Published on 22.03.2024

Boeing Stock

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Boeing's IPO

On January 2nd, 1962, Boeing was listed on the New York Stock Exchange (NYSE) under the ticker symbol BA. The stock opened that day at a price of $0.823. Despite significant price fluctuations, Boeing's stock has proven to be a good investment for its original shareholders. Since its IPO, Boeing's stock price has increased by 23,045.8% as of January 2023.

Company strategy and future

Between 2018 and 2019, Boeing experienced a turbulent period because two Boeing 737 Max’s crashed. Since then, the company has aimed to regain some stability. It is crucial for their future that the modified 737 MAX are to be allowed back in the air. This has already happened in some regions like the United States (US), Europe, China and many other major markets. Additionally, Boeing is committed to restoring the damaged trust between the aircraft manufacturer and the US aviation authorities. Meanwhile, the company also had to deal with the Covid-19 crisis, which led to a decline in air travel and fewer aircraft orders from airlines. To navigate through this challenging period, the company had to cut thousands of jobs. However, Boeing remained optimistic that both business and leisure flights would recover rapidly in the coming years as global vaccination rates increased.

Fatal crashes involving the Boeing 737 MAX

Boeing's reputation had taken a significant hit after two plane crashes happened in 2018 and 2019 in Indonesia and Ethiopia. This unfortunately caused a total of 346 deaths. Consequently, airlines decided to ground the Boeing 737 MAX indefinitely, and aviation authorities worldwide imposed a flying ban on the aircraft. The crashes were caused by Boeing's software that pushed the nose of the plane downward, among other factors. Boeing has since resolved the issues, and the MAX is gradually flying again in some countries. However, the company is also facing technical problems with its 787 Dreamliners and their latest aircraft, the 777x. The development of the 777x has been delayed for many years and is expected to enter the market in mid or late 2023.

Boeing's history

Boeing was founded on July 15th, 1916, by William Boeing in Seattle, Washington, under the name Pacific Aero Products Co. The first test flight of the Boeing Model 1 took place just one month before it was founded. Boeing built this seaplane in his boathouse near Lake Union in Seattle. He made it in collaboration with George Conrad Westervelt, an engineer from the US Navy. In 1917, they decided to change the company's name to Boeing Airplane Company. In the 1920s and 1930s, Boeing primarily built bombers and fighter planes for the US Air Force and Navy in addition to aircraft for mail delivery.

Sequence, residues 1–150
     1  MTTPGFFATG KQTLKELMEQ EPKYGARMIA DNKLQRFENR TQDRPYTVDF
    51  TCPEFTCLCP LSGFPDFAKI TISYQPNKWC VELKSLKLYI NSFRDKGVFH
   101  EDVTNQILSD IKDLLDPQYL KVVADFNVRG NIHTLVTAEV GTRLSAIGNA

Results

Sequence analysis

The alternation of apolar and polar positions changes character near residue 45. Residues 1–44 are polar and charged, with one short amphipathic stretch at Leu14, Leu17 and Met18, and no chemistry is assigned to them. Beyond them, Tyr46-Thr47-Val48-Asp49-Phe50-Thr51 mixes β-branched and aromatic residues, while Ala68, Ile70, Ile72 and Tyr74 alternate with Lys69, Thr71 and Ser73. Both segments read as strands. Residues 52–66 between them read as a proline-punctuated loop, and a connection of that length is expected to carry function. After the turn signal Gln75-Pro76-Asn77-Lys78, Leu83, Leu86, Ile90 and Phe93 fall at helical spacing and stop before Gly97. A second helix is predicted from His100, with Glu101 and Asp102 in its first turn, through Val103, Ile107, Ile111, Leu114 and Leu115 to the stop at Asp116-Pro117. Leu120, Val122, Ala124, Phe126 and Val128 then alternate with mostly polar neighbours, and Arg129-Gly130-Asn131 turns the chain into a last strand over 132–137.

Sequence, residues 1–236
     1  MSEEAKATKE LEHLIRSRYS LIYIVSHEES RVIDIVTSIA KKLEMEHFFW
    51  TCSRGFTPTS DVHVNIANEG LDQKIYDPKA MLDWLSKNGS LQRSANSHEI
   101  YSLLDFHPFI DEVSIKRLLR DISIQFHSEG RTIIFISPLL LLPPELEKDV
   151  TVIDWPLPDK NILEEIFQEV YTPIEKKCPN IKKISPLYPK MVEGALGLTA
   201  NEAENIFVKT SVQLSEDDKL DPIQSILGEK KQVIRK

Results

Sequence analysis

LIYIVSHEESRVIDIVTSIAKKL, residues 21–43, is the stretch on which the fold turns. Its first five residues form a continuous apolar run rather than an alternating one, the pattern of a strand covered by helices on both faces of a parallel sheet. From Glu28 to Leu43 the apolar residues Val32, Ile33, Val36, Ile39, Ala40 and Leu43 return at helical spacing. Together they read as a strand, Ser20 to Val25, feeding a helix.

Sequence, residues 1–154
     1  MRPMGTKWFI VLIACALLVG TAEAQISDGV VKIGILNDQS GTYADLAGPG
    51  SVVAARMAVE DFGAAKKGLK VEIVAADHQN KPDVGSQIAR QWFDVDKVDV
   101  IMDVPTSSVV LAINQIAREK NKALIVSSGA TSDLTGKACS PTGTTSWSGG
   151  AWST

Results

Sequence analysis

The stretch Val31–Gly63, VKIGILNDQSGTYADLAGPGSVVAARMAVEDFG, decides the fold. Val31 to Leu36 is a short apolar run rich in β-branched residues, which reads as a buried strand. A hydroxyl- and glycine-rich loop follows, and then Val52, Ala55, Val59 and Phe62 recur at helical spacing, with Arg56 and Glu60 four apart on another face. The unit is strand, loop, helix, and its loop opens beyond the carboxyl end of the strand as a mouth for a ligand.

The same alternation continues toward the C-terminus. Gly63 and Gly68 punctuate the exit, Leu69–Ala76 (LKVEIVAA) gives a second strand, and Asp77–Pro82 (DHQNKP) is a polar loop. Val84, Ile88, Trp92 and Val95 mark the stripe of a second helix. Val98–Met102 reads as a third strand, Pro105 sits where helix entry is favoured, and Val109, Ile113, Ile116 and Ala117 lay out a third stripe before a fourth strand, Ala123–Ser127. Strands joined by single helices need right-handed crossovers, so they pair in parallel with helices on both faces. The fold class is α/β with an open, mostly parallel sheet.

On February 8th, 1933, the Boeing 247 made its first test flight. This aircraft is considered the world's first modern passenger plane. The model had two engines, retractable landing gear and was entirely made of metal. It certainly wasn't the last time Boeing introduced a revolutionary aircraft.

After successful test flights, the Boeing 747 'jumbo jet' was officially put into commercial service for the first time on January 21, 1970, flying from New York to London. With its four engines, the 747 had a much larger range than its competitors and could transport more than twice as many passengers. Thanks to the increased number of passengers, the price of air tickets decreased significantly, making air travel more affordable for a larger group of people. Boeing, therefore, played a major role in proliferating global mass tourism.

With its four engines, two floors and two aisles, the 747 was groundbreaking and became the new standard in commercial aviation. The aircraft has been a tremendous success. Since 1970, Boeing has sold over 1,500 units, generating an estimated revenue of over $100 billion. An increasing number of airlines prefer smaller, twin-engine aircrafts, which are more fuel-efficient than jumbo jets. Examples include the Airbus A350 and the Boeing 787 Dreamliner. Similarly, Airbus, Boeing's European competitor, decided to cease production of its four-engine A380, the largest passenger aircraft in the world, due to disappointing sales figures.

The information in this article is not written for advisory purposes, nor does it intend to recommend any investments. Please be aware that facts may have changed since the article was originally written. Investing involves risks (e.g price volatility, currency or liquidity risk). You can lose your invested funds. Consider your knowledge and experience when making investment decisions. Past performance is not a reliable indicator of future results. Markets are volatile and can fluctuate significantly due to economic, political, regulatory, or other developments.

Sources: Boeing, Bloomberg, CNET, Reuters

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